When couples vow to stay together in sickness and in health, there’s
often no harder test of that promise than when one partner has cancer.
The stress of the situation can take a toll on the patient and the caregiver,
and affect their relationship. And that doesn’t end when a patient
is declared cancer-free.
A new study published in a journal of the American Association for Cancer
Research found that, not surprising, a caregiver’s mood can affect
the patient, for better or for worse.
“If a patient’s partner is depressed, the patient is also likely
to be depressed. But if the partner is happier, so is the patient,” says
Amy Shaw, MD, medical director of the Primary Care Oncology and Survivorship Program at
Annadel Medical Group.“This is important because, while a positive outlook doesn’t
cure cancer, it can help cancer patients find strength and resiliency
to move forward in life and ultimately find meaning in their cancer experience.”
The study analyzed data on couples to see how a caregiver’s attitude
affected the patient after a year’s time, and compared it to more
than 900 couples who were not dealing with a cancer diagnosis and treatment.
Cancer survivors were four times more likely to be depressed if their partners
had been depressed. On the other hand, survivors whose partners had a
better outlook were significantly less likely to be depressed. In other
words, a patient became more depressed if his or her partner was depressed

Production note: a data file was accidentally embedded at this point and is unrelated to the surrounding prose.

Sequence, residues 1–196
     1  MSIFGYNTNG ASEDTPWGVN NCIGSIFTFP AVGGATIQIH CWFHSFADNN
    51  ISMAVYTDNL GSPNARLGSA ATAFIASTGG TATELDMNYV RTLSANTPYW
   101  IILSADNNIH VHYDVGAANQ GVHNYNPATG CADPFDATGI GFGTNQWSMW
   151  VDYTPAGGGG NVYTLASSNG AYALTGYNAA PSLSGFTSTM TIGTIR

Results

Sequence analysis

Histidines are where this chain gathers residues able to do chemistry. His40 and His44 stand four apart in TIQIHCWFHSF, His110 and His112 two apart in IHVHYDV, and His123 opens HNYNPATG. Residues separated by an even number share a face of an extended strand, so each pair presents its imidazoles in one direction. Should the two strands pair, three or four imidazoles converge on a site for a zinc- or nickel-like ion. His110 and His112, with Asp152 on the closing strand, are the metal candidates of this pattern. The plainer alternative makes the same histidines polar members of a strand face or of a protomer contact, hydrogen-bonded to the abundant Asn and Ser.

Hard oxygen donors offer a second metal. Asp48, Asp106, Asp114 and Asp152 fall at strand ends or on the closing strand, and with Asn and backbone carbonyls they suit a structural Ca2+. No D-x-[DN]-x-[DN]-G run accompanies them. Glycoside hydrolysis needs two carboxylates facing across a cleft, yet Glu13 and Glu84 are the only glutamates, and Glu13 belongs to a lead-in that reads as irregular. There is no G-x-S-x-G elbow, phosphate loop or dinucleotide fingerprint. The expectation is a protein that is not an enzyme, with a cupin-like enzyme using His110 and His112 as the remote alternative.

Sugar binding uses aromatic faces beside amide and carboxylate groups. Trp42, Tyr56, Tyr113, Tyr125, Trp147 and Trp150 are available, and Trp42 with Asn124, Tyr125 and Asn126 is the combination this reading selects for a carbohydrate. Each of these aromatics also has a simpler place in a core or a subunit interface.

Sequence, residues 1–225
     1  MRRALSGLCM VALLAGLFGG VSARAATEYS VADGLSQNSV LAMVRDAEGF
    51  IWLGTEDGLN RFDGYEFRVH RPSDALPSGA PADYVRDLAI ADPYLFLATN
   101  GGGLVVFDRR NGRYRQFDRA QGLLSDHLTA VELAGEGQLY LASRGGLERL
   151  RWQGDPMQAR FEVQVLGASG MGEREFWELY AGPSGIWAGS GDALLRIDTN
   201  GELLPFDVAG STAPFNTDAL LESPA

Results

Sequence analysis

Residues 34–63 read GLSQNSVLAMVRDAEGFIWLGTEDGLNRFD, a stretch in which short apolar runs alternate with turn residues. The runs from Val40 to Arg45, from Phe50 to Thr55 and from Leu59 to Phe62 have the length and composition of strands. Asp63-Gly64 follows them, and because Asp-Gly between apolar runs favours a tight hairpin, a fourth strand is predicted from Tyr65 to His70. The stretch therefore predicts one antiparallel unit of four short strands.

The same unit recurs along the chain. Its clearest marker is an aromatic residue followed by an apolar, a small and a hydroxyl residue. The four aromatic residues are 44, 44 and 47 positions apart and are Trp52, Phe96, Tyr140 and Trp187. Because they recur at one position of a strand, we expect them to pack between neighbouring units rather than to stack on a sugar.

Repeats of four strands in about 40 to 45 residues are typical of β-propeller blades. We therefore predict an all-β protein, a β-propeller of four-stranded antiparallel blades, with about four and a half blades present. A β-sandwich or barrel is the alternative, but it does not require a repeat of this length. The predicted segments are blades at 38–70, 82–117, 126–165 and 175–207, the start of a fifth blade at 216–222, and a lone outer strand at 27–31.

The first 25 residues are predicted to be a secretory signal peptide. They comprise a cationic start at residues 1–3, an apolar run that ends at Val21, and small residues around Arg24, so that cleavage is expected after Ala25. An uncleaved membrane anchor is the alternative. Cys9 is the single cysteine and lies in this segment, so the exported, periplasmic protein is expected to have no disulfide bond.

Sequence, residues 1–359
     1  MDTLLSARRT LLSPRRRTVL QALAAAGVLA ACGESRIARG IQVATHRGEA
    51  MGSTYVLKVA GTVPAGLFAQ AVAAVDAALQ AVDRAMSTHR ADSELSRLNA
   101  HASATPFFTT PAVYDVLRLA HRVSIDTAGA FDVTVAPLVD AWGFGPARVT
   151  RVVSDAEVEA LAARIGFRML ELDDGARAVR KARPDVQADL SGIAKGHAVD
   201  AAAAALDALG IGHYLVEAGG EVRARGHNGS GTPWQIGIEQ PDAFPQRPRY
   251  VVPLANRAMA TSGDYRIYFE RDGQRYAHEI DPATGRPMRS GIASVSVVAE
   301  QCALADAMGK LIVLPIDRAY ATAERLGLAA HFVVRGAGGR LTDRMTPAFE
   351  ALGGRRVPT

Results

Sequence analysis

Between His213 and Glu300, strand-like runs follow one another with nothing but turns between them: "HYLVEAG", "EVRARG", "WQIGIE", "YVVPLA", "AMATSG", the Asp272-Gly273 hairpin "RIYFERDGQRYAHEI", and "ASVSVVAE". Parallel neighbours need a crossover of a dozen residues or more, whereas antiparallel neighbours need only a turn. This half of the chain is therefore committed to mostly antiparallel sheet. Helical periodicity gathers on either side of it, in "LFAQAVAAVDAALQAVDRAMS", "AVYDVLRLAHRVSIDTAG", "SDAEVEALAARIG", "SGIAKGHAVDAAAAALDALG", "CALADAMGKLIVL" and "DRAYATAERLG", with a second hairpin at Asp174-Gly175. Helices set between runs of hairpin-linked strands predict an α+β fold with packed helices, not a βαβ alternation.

and happier if his or her partner was happy. However, the study also found
that if the patient was depressed, the partner was not more likely to
“Caregivers undertake a tremendous job, one that can come with a
great deal of emotion and stress,” Dr. Shaw says. “It’s
necessary for caregivers to carve out time to take care of themselves,
Among Dr. Shaw’s suggestions:
- Find support—ask other family members or friends to pitch in on certain
tasks, or join a partner/caregiver support group or counseling service
that can serve as an emotional release. Don’t try to do it all on your own.
- Take care of your physical health—get enough sleep and exercise,
and eat a healthy diet.
- Watch for the physical manifestations of stress, such as headaches, excessive
eating, sleep problems, energy loss or lack of focus. Learn relaxation
techniques, exercise or find other activities that help you recover from
- Laugh. Humor is sometimes the most important thing we have to get us through
the hardest time.
“Caregivers shouldn’t feel like they have to put on a happy
face every day—there are going to be times when you feel sad and
afraid,” Dr. Shaw says. “But taking care of yourself will
help you take care of your loved one and give you fortitude to move through
a difficult time.”
Taking Care of Others and Yourself
Looking Back with Gratitude: A Breast Cancer Survivor’s Story
For more information about Annadel Medical Group, click
here. For more information about Dr. Shaw, please click
This information is not intended as a substitute for professional medical
care. Always follow your healthcare professional's instructions.